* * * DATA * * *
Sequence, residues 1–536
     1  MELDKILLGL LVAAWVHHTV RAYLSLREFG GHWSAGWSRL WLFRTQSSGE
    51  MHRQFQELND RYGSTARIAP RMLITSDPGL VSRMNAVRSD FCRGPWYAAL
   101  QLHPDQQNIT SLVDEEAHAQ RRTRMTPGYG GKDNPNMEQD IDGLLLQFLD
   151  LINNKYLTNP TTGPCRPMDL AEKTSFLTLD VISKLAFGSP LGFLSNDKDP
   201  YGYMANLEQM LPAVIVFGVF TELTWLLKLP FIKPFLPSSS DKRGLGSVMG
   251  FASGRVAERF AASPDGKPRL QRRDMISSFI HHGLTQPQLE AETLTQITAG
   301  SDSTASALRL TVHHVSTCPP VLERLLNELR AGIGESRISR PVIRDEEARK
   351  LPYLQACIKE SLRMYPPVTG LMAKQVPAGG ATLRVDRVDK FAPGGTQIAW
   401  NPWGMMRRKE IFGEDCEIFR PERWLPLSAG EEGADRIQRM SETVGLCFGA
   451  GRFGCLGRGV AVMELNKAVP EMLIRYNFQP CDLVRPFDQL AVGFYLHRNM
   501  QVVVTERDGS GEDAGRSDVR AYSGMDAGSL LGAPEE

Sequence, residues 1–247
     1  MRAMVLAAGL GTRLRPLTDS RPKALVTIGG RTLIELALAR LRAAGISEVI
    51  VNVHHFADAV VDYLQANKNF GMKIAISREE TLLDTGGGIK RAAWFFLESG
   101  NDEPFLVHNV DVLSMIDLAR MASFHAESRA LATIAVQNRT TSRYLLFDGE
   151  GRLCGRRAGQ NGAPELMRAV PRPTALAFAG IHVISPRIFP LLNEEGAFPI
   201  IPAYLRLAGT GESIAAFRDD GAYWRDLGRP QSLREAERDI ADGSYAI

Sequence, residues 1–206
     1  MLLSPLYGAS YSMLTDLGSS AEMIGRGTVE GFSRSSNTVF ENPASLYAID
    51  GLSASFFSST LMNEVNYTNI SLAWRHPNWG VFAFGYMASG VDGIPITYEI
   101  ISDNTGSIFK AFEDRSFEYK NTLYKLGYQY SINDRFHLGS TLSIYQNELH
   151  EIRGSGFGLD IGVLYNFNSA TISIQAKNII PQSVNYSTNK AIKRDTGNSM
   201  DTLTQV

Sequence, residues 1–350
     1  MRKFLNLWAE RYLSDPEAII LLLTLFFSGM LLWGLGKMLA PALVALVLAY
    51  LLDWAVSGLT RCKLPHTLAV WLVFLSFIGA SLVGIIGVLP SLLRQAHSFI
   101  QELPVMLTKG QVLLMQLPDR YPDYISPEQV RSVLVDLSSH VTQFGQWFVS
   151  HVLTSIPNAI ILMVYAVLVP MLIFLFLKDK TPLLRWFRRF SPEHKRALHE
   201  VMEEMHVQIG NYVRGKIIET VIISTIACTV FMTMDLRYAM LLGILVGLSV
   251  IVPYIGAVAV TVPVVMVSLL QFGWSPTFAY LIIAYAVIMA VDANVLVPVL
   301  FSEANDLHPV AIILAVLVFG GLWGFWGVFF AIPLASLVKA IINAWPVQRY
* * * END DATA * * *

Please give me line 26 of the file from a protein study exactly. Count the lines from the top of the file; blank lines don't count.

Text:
     1  MRKFLNLWAE RYLSDPEAII LLLTLFFSGM LLWGLGKMLA PALVALVLAY